George Orwell’s 1984 seems almost naive in retrospect, believing that a faceless government would strip all privacy, create a surveillance state, and render truth entirely subjective. All it took was Facebook.
By contrast, Aldoux Huxley’s oeuvre, Brave New World, has remained far more relevant, and, with technology approaching the book’s, far more urgent.
The 2020 television adaptation took the 1931 classic book and polished it for modern audiences. The bones are all intact, but some of the distracting elements of the original version have been cleaned up to avoid distracting from the core message.
In both versions, mainstream human society is a utopian-looking dystopia, happy because everyone is on drugs, crime free because everyone is controlled, productive thanks to a slave labor class, free of conflict because everyone belongs to everyone else. In both versions, the status quo is disrupted by the introduction of an outsider, John, into upper-class mainstream society.
In the books, John is from, essentially, a Native American reservation. This carries with it a whole lot of baggage, especially considering the author was English. The show replaced this origin with a community camped out in an abandoned amusement park, drastically rerouting our expectations of the societal clash to come. The original John, whether meant to be such or not, comes across to modern readers as a misogynist, undercutting the audience-insert role he’s meant to play.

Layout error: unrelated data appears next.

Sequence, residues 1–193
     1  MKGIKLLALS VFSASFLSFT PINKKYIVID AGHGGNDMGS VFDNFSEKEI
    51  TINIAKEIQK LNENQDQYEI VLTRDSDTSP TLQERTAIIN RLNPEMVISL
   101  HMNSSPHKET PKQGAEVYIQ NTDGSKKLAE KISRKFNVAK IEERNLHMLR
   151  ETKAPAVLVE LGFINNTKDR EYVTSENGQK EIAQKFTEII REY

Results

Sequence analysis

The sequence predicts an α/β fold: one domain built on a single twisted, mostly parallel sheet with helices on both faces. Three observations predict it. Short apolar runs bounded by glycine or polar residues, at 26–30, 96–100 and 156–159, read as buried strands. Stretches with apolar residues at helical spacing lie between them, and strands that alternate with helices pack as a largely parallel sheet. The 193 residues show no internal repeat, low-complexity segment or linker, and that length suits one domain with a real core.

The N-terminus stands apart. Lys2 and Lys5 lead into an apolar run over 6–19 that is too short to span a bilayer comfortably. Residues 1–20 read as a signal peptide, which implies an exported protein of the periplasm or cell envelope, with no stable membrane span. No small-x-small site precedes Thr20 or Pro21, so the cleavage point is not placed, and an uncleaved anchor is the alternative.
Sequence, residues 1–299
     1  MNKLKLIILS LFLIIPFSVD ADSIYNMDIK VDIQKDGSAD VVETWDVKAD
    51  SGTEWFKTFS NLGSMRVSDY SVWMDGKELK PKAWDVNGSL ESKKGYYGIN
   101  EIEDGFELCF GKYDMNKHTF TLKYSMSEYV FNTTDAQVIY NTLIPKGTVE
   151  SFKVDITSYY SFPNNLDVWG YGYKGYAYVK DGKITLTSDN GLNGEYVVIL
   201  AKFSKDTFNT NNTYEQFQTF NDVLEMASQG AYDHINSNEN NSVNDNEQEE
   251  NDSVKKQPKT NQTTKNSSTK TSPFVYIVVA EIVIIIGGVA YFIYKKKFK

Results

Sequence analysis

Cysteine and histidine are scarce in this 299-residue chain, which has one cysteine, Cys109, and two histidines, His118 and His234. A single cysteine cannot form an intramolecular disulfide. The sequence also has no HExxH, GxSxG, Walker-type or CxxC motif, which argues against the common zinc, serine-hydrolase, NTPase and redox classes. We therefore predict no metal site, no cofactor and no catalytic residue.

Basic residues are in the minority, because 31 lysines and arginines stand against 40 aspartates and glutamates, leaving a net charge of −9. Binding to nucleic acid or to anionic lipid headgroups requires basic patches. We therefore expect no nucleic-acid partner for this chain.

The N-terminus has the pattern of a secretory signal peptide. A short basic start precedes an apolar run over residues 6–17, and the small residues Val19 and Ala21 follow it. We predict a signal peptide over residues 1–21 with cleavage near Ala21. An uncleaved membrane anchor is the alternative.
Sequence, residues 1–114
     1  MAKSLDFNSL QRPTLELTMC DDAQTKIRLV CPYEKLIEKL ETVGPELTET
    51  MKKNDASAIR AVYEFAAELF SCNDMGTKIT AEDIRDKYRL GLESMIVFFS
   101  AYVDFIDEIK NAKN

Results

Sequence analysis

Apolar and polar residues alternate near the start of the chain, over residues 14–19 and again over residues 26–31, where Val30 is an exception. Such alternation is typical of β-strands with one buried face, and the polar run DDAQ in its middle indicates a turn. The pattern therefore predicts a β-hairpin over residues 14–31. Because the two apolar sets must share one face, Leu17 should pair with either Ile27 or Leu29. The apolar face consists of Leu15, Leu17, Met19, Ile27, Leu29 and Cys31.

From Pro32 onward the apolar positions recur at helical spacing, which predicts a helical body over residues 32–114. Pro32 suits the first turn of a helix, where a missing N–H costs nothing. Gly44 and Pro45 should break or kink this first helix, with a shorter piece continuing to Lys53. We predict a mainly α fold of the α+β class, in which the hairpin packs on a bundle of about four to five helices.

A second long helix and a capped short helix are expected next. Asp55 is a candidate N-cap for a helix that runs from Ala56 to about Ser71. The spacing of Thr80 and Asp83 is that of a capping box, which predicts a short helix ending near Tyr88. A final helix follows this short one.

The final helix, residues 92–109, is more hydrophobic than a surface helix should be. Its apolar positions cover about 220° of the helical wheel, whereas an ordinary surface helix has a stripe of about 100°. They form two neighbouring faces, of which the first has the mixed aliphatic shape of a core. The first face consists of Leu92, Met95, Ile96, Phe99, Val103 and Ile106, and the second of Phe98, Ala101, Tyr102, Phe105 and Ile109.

There were also a couple named characters who were switched from men to women for the televised version. If nothing else, the penchant in older sci-fi to utterly ignore women whenever they weren’t a plot point, or a love interest, would have screamed on the screen.
The real reason these charges are important is because it lets the show speak better to modern viewers. And this is the sort of smart, insightful sci-fi we really need, in between all the fun spaceships and villainous aliens, to let us think about the direction technology might take us.
Because many of the technologies depicted aren’t as far off as they used to be. Pharmaceuticals can already do quite a bit to change and regulate moods. Ubiquitous surveillance practically already exists. And genetic engineering has been teetering on the edge of a quantum leap for a while now, and it won’t elude us forever.
Brave New World is about to become Scary Plausible Tomorrow.